Several of Ian Rankin’s John Rebus novels deal with gangs and organizations, too. In fact, Rebus’ nemesis, Morris Gerald “Big Ger” Cafferty is a local gang leader. His organization is involved in several kinds of crime (e.g. drugs, prostitution and smuggling operations). In several novels, Rebus runs up against Cafferty’s gang as he uncovers what’s behind the murders he investigates. But Cafferty’s gang isn’t the only organization that Rebus encounters. In Mortal Causes, for instance, Rebus investigates the brutal torture and murder of Billy Cunningham. As a part of that investigation, Rebus works with the elite Scottish Crime Squad, since it seems that Cunningham’s death is related to a terrorist gang that’s funding the IRA and might be making incursions into Scotland. Rebus’ investigation is complicated by the fact that Cunningham is the son of Ger Cafferty. When Cafferty finds out about the death, he determines to find out who the killers are and handle it in his own way. That means that, as if a terror organization weren’t enough, a gang war could come to Edinburgh. So Rebus has to work fast to find out what really happened to Billy Cunningham before Cafferty and his gang do.

Michael Connelly’s Harry Bosch often runs up against criminal gangs as he investigates cases. For instance, in Trunk Music, Bosch investigates the murder of a shady film-maker, Tony Aliso. Aliso’s body is found stuffed into the trunk of his Rolls Royce, and at first, his death is considered a Mafia “hit.” After all, the killing bears all the hallmarks of a Mob execution, and Aliso had been living a lifestyle that was far in excess of what he earned legally from his mediocre films. The L.A.P.D. doesn’t seem much interested in finding out who really killed Aliso, even though it might give them the opportunity to stop a large criminal organization. So, Bosch himself follows Aliso’s trail to a Las Vegas money-laundering operation he was running for a local mobster, and to a casino with shady connections. In the end, Bosch finds out the real reason for Aliso’s murder, and the criminal organizations he runs up against add tension and suspense, as well as some interesting characters, to the novel.

Bosch also goes up against a criminal organization in The Black Ice, in which he investigates the apparent suicide of L.A.P.D. officer Sergeant Calexico Moore. The L.A.P.D. top brass don’t want him going too deeply into the case, since it might air some departmental “dirty linen.” Moore was under investigation by the Department for possible involvement with a drugs gang. In fact, Bosch’s superiors try to stop him by overloading him with cases belonging to another detective who’s out on stress leave. Bosch connects one of those cases to the Moore case, though, and in inimitable Bosch fashion, takes his own tack as he tries to find out the truth behind Moore’s death. His investigation leads him to the heart of a Mexican drugs ring operation and, although the explanation for Moore’s death isn’t a simple connection to the drugs gang, that organization plays a pivotal role in the novel.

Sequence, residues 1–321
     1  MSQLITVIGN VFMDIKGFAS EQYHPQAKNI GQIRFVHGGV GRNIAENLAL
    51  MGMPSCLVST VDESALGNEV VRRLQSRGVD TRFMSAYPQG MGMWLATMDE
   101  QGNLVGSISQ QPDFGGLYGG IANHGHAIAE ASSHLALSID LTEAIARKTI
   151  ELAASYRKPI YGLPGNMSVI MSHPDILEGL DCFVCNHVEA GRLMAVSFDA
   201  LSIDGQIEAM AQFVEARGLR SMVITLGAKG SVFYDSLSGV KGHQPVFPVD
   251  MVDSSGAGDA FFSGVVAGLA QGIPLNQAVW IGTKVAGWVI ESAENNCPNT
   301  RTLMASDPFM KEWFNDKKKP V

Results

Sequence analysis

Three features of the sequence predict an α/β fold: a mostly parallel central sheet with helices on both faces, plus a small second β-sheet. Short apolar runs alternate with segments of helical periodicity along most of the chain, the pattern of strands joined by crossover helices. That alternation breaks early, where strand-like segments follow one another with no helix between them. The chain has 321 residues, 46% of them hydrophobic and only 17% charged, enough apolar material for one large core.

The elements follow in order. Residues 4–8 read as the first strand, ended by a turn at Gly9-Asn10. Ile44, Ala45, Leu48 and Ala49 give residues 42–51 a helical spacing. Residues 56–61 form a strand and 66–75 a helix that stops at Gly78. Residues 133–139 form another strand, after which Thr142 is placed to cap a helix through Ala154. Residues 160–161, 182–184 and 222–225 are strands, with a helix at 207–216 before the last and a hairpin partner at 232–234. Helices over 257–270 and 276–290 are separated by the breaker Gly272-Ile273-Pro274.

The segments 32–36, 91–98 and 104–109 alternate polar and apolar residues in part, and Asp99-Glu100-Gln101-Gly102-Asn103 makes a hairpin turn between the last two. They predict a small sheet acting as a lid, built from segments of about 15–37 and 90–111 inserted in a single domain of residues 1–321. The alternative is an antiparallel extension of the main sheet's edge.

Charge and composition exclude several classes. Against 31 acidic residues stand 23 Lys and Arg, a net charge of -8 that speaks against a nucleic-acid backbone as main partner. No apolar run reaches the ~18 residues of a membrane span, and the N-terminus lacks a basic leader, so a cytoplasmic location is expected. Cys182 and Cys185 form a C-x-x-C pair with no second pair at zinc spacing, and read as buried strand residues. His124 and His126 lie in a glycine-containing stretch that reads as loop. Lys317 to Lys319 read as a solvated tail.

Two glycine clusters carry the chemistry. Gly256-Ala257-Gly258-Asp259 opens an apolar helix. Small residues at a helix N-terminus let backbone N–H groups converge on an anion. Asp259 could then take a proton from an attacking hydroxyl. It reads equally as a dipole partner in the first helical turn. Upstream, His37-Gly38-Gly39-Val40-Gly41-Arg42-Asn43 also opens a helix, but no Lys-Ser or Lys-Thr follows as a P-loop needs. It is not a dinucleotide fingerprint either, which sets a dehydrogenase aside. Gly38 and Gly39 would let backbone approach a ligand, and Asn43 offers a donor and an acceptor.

There are, of course, many other “gang-related” crime fiction novels that space doesn’t allow me to mention. Do you enjoy this kind of novel, or do you prefer novels that deal more with “personal” murders?


  1. The gang-related novels can lead the reader in so many directions and that's one thing that makes them appealing. They are especially interesting when the gangs are used as a red herring.

  2. Mason - It's funny you would bring that up about organized crime being used as a "red herring." It is in lots of novels. I think part of the reason may be that it's attention-getting and it's easy to imagine that someone who's mixed up with organized crime might be its victim. But, as you say, that's not always the case...

  3. Rankin makes the whole Cafferty thing work because of the relationship between Cafferty & Rebus, which he builds over the course of the series. He's Rebus' Moriarty, his white whale.
    It really depends on how the writer treats the gang; if he uses it to put the protagonist in a extremely difficult, "can't see the light at the end of the tunnel" kind of predicament, and does so plausibly (and resolves the conflict plausibly), then yes, murders that involve organized crime can work.

    I do have a hard time with street gangs, though. Get enough of it from the news, and from just seeing wannabes on the streets and in the malls -- I don't want to read about these illiterate scumbags in my downtime. George Pelecanos can pull this off, but again -- he writes compelling stories with characters we care about. But I have to be in the right mood to read a Pelecanos novel, to tell the truth.

    So, what do I prefer? The usual: a good, well-written story, with or without gangs.

  4. I actually think the whole Rebus/Cafferty thing petered out after a few novels. I really liked the theme at first, but at some point it "jumped the shark", I think over Cafferty's conning everyone that he was dying or some such - anyway, I found him an unbelievable figure in the last few Rebus novels in which he appeared, certainly compared with the first few.